Maru started his bid for a championship wish some extremely cautious and old-school play, scouting with SCVs and building defensive Marines at home. But even with this highly safe playstyle, Rogue’s push with Roach/Ravager was too much for the Terran, and game one finished with a win for Rogue.

This cautious style from Maru continued in game two, going so far as to build bunkers and extra cautious wall-offs to prevent any early rush. Ultimately for the next two games, Maru would turtle early, and clutch out a win with substantial drops and aerial harassment, bringing the series to 2-1 in Maru’s favour. 

With the safe style of play having gone well, Maru then decided to take a few more risks in game four. Building a hidden factory, he disguised his blue flame Hellion/Hellbat. After devastating Rogue’s economy though, Maru was unable to deliver the killing blow. This was a fatal mistake, as Rogue countered with a Nydus attack, before cleaning up Maru’s bases for the win.

With match point on the line, Rogue put on a clinic of defensive Zerg play. His Baneling/Zerglings roamed the creep preventing any incursion by Maru. Behind this, his Mutalisk harass stopped any kind of economic expansion, and after forcing Maru to GG, Rogue would head to the finals, assuring a repeat champion.

The SC2 IEM Katowice Finals: Rogue vs. Zest

The final of the biggest tournament outside of the World Championships gave us a thrilling Protoss versus Zerg matchup, with a pair of former IEM Katowice winners. And it started with a bang, as Zest immediately opened with a cannon rush, forcing a natural cancel from Zest. With a follow-up pair of Immortals, Zest suffocated Rogue and took the first match.

The second hatch/natural expand block had been a thorn in the side of Zerg players this entire tournament, costing Serral his games and now plaguing Rogue. However, Rogue had an answer. His Baneling bust smashed into Zest’s unprepared Adept army, forcing the quick GG.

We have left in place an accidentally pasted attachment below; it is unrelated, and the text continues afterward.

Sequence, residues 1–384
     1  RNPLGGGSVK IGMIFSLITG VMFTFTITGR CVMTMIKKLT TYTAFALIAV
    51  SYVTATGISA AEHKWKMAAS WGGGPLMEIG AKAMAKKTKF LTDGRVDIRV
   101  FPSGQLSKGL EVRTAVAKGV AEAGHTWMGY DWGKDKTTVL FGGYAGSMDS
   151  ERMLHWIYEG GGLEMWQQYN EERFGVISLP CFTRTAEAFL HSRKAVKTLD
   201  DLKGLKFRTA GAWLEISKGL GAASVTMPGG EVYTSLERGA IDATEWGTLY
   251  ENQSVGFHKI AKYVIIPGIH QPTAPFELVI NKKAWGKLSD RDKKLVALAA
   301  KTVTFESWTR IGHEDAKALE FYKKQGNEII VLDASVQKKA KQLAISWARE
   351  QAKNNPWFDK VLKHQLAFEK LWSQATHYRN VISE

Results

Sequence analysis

Rogue followed this up with an almost identical bust in the third game for another win. And by game four, Rogue had completely countered the natural expand blocking from Zest, doing a super quick 15 Drone into Hatchery to beat Zest’s probe to the block. Zest followed up with a quick adept push, but having quickly expanded, Rogue could counter with a Roach defence. Behind this he built a trademark Infestation Pit, unleashing a torrent of Swarm Hosts. Coupled with a Nydus network, Zest could only watch as each of his bases were destroyed one by one. 

On match point, with his back against the wall, Zest finally got a more successful natural block. But from then on, Rogue had his every move sniffed out. Scouting the proxy Dark Shrine and countering the Dark Templars with Spore Crawlers, Rogue moved quickly into a Zergling rush with Roach tech on the backside. But before he even needed to tech up, Rogue had won, wiping out Zest’s economy and grabbing the final victory.

Michael Hassall | Dart Frog Rogue interviewed in front of a handful of media in an empty stadium following his historic victory

Overall, this has been an incredible tournament despite conditions outside of the organiser’s hands – a fantastic return to the biggest stage in esports for SC2.